Belt tightening — both fiscal and physical — and green energy initiatives were among the central themes of Gov. David Paterson’s rhetoric−heavy first State of the State address. Speaking for roughly an hour and a half, the governor touched on many of the items included in his proposed budget, which he introduced Dec. 16, 2008.
“Our economic obstacles seem overwhelming, but each time a challenge has faced New Yorkers, we have learned a way to rebuild our future,” Paterson said, referring to a projected state budget deficit of nearly $15 billion for the upcoming fiscal year. “This is a moment for leadership, not partisanship. Not in any way salesmanship, but real leadership.”
The speech, which relied heavily on language about the historical resilience of New Yorkers, was unusual because it came after the governor delivered his proposed budget to the Legislature, state Sen. Toby Stavisky (D−Flushing) said.
“It’s as though you have the skeleton as the State of the State and then the meat and everything else is the budget,” she said.
The governor once again stressed the importance of his proposed tax on sugar in sodas as a step toward reducing the prevalence of childhood obesity as well as proposed changes to healthcare and called for major revisions to the controversial Empire Zone program for small businesses.
“Childhood obesity occurs in one in four New Yorkers,” he said. “It contributes to other health problems like Type 2 diabetes, high blood pressure and high cholesterol. ... I don’t think parents know the relationships between their children’s habits and acquiring these diseases.”
Paterson also called for the establishment of a $350 million state−funded student loan program and called for the start of an initiative to make upstate New York a hub for the development of next−generation hybrid vehicle technology.
The speech brought praise from Queens elected officials.
“The governor finally moved beyond the mantra of cut, cut, cut and offered some proactive strategies for growing the economy and protecting New Yorkers during the downturn,” said Assemblyman Rory Lancman (D−Fresh Meadows). “His emphasis on shared sacrifice turns a page on the debate over the millionaire’s tax. I think he recognizes that the budget can’t be balanced by nickel and diming the middle class to death.”
City Councilman John Liu (D−Flushing), chairman of the Council Transportation Committee, hailed Paterson’s call for the state to heed the recommendations for new revenue sources and repairs to the Metropolitan Transportation Authority recommended by the Ravitch Commission.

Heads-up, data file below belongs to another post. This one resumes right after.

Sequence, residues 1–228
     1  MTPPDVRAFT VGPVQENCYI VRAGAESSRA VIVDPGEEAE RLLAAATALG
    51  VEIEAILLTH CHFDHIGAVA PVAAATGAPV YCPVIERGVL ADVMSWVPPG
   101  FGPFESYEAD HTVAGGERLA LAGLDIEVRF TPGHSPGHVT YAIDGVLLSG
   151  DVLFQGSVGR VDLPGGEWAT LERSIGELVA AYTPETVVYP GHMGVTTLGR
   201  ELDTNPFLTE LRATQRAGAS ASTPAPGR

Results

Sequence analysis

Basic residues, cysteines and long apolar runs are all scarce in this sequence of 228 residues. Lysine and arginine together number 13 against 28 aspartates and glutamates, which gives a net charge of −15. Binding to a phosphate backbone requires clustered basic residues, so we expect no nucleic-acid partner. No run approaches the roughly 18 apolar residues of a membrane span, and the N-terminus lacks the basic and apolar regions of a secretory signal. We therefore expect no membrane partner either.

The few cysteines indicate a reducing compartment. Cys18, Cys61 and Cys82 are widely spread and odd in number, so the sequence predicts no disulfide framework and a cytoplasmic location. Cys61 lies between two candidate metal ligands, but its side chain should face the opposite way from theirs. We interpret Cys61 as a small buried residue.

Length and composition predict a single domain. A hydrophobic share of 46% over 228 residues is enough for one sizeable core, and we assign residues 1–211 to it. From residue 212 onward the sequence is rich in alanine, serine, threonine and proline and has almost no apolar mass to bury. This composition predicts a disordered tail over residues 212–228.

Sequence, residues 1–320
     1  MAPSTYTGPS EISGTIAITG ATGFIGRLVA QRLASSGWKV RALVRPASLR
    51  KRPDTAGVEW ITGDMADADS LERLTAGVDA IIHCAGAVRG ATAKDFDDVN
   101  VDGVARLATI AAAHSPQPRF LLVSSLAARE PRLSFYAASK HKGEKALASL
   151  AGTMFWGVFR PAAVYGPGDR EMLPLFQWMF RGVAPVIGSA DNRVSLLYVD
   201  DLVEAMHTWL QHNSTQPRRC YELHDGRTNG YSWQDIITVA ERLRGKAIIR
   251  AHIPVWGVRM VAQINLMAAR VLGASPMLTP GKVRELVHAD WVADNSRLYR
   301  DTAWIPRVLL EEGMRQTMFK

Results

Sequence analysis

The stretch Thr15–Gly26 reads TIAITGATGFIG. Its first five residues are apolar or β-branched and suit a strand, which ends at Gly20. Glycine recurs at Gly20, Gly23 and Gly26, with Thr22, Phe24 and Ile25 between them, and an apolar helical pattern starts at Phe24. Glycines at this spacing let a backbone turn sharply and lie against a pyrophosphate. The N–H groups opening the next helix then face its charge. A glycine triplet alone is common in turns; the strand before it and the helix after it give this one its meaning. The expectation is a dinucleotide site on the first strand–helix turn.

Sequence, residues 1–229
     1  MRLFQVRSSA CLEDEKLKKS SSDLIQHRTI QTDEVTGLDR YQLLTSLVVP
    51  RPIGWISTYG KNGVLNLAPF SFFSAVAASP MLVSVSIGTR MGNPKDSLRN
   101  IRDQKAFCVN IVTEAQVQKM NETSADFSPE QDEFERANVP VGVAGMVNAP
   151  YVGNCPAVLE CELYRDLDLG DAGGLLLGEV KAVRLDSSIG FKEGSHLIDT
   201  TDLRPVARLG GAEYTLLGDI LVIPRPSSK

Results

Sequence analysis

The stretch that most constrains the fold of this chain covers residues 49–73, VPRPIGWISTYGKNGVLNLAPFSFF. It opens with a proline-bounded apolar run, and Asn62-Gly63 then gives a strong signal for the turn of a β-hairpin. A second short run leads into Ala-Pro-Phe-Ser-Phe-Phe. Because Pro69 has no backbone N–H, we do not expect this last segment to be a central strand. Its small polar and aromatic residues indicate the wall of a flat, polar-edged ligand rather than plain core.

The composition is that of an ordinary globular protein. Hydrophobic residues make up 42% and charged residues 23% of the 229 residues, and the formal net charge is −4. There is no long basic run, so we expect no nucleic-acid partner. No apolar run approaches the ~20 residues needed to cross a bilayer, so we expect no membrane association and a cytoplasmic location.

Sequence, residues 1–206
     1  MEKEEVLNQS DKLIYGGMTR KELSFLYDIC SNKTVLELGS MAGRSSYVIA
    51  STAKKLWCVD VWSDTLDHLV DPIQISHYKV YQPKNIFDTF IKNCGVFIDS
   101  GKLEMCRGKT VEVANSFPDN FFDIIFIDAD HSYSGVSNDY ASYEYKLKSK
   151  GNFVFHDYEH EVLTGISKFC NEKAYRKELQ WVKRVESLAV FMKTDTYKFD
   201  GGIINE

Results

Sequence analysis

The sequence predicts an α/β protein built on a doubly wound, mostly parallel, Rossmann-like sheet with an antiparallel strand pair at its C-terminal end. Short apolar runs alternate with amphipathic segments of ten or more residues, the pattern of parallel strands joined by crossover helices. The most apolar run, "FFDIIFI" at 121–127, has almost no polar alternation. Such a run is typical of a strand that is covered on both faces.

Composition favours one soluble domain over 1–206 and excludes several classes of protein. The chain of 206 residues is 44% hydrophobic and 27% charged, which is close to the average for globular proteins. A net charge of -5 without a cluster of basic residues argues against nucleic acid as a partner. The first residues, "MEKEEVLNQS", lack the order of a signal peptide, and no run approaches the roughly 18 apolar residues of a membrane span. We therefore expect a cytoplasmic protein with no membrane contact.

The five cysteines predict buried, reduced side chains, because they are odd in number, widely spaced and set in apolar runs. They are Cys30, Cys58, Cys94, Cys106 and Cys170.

“Investment in our aging infrastructure, from bridges to subways, is imperative for our short−term well−being and safety as well as for the long term health of the economy,” Liu said. “This is the first time in a long time that such a high priority has been placed on updating our vital infrastructure.”
But Paterson did take some flak from state Republican Committee Chairman Joseph Mondello, who accused the governor of not going far enough in slashing spending.
“The governor should have been honest with the people of New York and stated that state government has no choice but to meet this unprecedented crisis by immediately beginning to unsnarl and unravel the vast state bureaucracy, rein in the ever−expanding network of entitlement programs and enact deep and across−the−board cuts in state spending,” he said.
Paterson, who is legally blind, also earned respect for memorizing the speech, which included statistics and quotes from a favorite elementary school poem. He admitted in interviews afterward that he was nervous about his delivery.
“It was remarkable that he was able to speak an hour and a quarter,” Stavisky said. “I’ve heard better speeches, but for someone to memorize this ... is just incredible.”
Reach reporter Jeremy Walsh by e−mail at firstname.lastname@example.org or by phone at 718−229−0300, Ext. 154.
©2009 Community News Group
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